The Peace Pulpit

Jesus teaches all humans how to listen to the God of love


Last Sunday, you may remember we heard that short Gospel lesson from St. John that is so widely known, the 16th verse of the third chapter, John 3:16. The verse was, "God so loved the world that God sent God's only Son, and the Son so loved us that he gave himself for our salvation." When we heard those words last Sunday, perhaps they did not bring about within us an understanding of the price that Jesus paid. It sounds so simple in a way, "God so loved the world that God sent Jesus, and Jesus so loved us that he gave himself for us."

True prophets reflect the peace and love of Jesus


As we listen to the lessons today, it seems to me that what might be a very important question for us to reflect on and to draw more deeply from the lessons is the question, "What happens when we don't listen to God's prophets?" God, as you probably know, continues to speak to every one of us so that in some way we can surface God's will in our lives, and the normal way that God does that is through the prophets. This is so clear in the Hebrew Scriptures and in that first lesson of today.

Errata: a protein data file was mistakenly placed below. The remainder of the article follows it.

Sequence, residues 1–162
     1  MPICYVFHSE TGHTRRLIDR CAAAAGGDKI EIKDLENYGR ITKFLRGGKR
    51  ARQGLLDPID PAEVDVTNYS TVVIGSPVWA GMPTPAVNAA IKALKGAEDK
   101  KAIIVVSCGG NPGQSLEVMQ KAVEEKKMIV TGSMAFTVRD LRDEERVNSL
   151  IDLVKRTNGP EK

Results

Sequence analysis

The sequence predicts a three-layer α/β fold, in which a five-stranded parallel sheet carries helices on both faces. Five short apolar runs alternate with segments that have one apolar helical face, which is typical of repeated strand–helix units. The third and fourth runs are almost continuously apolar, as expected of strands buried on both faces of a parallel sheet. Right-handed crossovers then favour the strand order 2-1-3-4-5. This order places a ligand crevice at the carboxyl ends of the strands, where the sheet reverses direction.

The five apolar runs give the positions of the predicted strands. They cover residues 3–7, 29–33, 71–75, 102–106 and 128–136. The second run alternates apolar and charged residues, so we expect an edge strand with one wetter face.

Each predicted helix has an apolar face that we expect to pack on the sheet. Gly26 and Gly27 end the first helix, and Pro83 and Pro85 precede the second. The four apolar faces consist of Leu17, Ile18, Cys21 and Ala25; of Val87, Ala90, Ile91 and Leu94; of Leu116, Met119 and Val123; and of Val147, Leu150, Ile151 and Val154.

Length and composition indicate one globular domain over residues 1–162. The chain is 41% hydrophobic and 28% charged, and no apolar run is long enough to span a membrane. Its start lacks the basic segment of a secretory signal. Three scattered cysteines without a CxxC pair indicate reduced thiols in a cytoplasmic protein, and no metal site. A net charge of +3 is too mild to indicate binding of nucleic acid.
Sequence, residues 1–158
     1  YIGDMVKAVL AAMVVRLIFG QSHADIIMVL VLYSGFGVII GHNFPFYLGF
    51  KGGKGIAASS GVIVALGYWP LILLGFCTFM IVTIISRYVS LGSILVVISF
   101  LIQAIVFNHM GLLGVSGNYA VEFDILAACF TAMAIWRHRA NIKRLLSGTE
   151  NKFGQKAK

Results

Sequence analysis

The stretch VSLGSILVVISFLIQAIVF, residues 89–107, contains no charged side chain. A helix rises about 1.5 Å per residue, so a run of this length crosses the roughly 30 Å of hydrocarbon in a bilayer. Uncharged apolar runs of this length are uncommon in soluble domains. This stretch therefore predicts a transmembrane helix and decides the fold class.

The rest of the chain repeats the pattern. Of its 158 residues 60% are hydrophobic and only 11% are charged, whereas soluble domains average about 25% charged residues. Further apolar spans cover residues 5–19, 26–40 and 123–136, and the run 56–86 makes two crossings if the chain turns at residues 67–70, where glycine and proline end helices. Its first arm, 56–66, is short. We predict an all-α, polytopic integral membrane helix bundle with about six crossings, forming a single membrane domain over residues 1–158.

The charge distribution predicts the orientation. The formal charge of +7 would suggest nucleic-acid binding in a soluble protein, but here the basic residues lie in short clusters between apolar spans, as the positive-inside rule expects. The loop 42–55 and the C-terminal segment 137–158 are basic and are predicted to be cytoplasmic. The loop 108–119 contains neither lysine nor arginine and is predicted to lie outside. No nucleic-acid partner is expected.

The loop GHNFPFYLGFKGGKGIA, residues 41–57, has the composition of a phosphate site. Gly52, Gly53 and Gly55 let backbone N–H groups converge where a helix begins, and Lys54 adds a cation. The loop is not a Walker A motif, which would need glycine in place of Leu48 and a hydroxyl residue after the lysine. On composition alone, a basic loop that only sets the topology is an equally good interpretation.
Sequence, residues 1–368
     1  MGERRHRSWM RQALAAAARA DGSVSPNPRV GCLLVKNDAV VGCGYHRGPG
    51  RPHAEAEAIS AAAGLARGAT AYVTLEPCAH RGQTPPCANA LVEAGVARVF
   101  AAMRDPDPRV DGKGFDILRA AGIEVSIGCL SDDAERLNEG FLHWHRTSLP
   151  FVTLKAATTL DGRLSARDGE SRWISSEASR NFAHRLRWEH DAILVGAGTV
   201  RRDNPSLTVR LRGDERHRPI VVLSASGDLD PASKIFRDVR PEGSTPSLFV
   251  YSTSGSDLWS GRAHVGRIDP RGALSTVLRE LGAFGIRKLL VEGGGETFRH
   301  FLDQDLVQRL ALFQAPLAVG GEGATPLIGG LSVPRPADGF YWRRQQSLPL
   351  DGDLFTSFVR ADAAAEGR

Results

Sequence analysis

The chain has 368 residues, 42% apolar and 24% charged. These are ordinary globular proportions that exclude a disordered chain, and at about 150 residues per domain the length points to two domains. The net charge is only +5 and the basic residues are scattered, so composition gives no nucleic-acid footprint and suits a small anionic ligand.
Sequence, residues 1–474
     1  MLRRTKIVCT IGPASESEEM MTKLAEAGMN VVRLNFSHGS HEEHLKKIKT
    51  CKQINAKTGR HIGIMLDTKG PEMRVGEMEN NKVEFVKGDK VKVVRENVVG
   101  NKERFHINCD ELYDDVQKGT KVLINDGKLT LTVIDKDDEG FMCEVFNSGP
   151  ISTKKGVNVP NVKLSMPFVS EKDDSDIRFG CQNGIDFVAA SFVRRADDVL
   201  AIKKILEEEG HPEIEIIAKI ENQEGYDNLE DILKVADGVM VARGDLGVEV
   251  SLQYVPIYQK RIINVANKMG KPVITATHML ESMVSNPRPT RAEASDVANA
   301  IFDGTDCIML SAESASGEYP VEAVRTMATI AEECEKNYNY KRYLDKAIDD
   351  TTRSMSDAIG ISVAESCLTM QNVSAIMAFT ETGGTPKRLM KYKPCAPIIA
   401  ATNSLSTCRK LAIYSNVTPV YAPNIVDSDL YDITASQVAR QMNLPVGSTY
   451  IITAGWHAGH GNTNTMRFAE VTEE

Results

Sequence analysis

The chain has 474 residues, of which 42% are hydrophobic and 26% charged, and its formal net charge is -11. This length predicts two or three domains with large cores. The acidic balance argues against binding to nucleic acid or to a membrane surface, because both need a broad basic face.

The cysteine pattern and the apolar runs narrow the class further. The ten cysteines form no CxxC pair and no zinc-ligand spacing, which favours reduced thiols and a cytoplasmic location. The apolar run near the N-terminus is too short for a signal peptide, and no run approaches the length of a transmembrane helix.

Ten commandments light the way to covenant with God


Editor's note: Because Bishop Thomas Gumbleton was traveling last week, his homily for March 11 was late coming to NCR.

Sometimes when we celebrate the special Peace Mass, if you will, on occasion when we've been reflecting on the way that Jesus teaches us to bring peace into our hearts, lives and worlds, we want to choose certain lessons that we think might express that. Well, these are the lessons that were already assigned for this Sunday, and it's been my experience very often that if you go to the lesson of the day, you find lessons that God wants you to hear rather than you choosing certain lessons that you think God wants you to hear.

Learn to listen to and follow Jesus this Lenten season